Phenology and Diurnal Course of Leaf Water Potential of Three Bean Varieties under a Semi-Arid Environment in South-East Kenya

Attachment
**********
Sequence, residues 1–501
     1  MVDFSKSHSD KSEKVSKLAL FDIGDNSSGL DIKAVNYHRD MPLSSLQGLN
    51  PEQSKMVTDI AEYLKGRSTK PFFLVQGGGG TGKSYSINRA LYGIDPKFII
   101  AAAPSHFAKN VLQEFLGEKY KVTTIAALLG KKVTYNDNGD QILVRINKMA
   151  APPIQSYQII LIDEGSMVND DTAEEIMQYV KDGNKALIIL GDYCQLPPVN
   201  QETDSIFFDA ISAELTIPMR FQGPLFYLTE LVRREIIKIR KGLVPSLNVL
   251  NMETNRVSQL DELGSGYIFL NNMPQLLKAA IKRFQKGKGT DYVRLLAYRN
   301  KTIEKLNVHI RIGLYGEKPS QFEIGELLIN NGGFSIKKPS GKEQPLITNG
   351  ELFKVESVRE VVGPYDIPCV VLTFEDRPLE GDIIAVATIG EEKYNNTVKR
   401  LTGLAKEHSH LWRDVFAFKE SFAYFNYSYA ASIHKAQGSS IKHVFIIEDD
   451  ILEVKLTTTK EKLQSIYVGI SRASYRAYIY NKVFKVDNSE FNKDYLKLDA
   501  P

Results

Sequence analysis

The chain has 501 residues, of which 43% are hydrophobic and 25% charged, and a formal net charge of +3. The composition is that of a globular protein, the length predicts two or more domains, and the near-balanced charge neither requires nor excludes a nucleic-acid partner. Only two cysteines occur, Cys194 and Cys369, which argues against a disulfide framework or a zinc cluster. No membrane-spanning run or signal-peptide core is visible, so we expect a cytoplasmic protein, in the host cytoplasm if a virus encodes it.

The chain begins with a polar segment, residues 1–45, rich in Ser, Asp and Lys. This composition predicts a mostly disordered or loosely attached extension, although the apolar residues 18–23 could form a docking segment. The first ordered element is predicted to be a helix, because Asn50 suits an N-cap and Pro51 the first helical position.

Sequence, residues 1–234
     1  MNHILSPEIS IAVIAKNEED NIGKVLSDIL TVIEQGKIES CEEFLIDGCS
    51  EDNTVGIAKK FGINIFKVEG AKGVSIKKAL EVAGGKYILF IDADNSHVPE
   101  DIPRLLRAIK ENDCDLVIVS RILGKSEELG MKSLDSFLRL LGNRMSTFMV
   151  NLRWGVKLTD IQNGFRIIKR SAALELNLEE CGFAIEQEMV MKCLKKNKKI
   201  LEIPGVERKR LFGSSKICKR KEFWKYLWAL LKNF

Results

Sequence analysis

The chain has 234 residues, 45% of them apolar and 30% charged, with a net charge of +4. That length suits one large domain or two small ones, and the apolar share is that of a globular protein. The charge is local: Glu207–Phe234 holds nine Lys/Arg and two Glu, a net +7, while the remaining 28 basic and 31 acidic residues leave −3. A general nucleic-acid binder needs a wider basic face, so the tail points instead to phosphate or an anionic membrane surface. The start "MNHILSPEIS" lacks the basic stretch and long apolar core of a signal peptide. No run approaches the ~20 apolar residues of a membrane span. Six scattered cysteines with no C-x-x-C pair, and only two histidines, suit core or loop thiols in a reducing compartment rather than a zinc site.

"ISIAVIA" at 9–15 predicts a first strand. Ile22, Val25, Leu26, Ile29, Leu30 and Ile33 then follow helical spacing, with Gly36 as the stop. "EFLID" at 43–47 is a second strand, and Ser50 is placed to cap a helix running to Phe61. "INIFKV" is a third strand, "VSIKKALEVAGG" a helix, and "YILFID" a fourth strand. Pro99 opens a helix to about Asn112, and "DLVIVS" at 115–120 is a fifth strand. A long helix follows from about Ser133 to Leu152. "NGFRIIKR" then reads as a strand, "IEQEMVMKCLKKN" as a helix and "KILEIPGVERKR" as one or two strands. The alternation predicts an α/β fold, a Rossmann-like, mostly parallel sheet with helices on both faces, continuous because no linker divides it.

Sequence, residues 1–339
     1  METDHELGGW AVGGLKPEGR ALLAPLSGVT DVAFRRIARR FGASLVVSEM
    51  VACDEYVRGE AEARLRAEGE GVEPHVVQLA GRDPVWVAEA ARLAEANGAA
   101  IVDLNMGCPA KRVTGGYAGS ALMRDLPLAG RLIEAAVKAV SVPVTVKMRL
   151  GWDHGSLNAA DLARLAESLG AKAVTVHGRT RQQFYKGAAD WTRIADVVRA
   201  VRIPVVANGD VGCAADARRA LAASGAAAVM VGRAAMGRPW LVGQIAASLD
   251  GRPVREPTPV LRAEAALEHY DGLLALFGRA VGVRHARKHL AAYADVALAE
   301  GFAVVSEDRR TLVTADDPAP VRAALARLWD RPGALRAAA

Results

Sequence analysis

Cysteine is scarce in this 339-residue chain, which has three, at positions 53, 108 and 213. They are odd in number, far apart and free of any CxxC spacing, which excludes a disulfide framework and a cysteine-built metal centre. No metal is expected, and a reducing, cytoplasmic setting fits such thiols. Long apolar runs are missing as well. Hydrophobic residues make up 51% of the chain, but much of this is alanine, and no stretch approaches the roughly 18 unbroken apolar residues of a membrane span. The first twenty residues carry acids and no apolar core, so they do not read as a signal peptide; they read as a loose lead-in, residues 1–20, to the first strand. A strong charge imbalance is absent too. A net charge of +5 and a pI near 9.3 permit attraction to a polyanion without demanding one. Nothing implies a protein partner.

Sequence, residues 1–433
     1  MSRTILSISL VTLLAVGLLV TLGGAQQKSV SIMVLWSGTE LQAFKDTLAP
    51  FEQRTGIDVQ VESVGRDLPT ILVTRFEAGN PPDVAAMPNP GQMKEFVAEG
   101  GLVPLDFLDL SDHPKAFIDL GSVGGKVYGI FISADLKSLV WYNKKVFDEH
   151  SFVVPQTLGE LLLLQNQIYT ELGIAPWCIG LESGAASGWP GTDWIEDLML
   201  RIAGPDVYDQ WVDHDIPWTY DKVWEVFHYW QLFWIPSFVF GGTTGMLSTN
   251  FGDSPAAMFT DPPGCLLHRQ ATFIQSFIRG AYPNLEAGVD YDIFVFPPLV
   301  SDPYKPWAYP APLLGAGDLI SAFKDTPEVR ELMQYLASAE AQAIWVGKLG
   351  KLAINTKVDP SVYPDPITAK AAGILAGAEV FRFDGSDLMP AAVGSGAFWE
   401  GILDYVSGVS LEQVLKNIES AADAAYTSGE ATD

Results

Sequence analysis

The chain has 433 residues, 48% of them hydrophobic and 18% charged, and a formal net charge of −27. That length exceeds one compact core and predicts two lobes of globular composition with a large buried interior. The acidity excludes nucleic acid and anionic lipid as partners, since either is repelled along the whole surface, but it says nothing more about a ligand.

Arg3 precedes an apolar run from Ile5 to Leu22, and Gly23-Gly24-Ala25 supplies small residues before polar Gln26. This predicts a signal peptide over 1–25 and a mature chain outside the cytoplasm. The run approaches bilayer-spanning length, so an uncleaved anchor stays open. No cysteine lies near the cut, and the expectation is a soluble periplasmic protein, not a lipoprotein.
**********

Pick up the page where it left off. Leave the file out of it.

The objectives of this study were to observe the phenology and to investigate the diurnal behaviour of leaf water potential (LWP) in three bean varieties under irrigated and unirrigated treatments with a view to making recommendations on their suitability for the semi-arid environments of Kenya. The field experiments were conducted during the short rainy season of 1993/94 in a typical semi-arid environment at KARIlNRRCIICRISAT Kiboko experimental field station, southeast Kenya. The selected beans were: high-yielding kenyan bean varieties Mwezi moja (MM) and Rose coco (RC) (Phaseolus vulgaris, var. GLP-I004 and var. GLP-2, respectively) and "minor pulse" Tepary beans (TB) tPhaseolus acutifolius A. Gray var, latifolius), possessing a high nutritional value. Under irrigated conditions, the bean varieties took 60 (TB), 65 (MM) and 70 days (RC), after emergence to reach full maturity respectively; water deficit induced false starting of phonological phases of the less adapted Phaseolus vulgaris. Differences in leaf water potential between the treatments were apparent. TB appeared to maintain higher leaf water potential values and showed more pronounced diurnal responses than MM and RC beans in both treatments. This also resulted in less yield reductions during water deficit for Phaseolus acutifolius. The susceptibility of Phaseolus vulgaris to water deficit is also documented by the fact that their LWP decreases more rapidly much earlier in the morning than TB. The short growth cycle of TB together with the maintenance of high leaf water potentials (and good yield performance) even under water deficit could be interpreted to mean that they are more adaptable to the semi-arid environments of Kenya compared to MM and RC beans.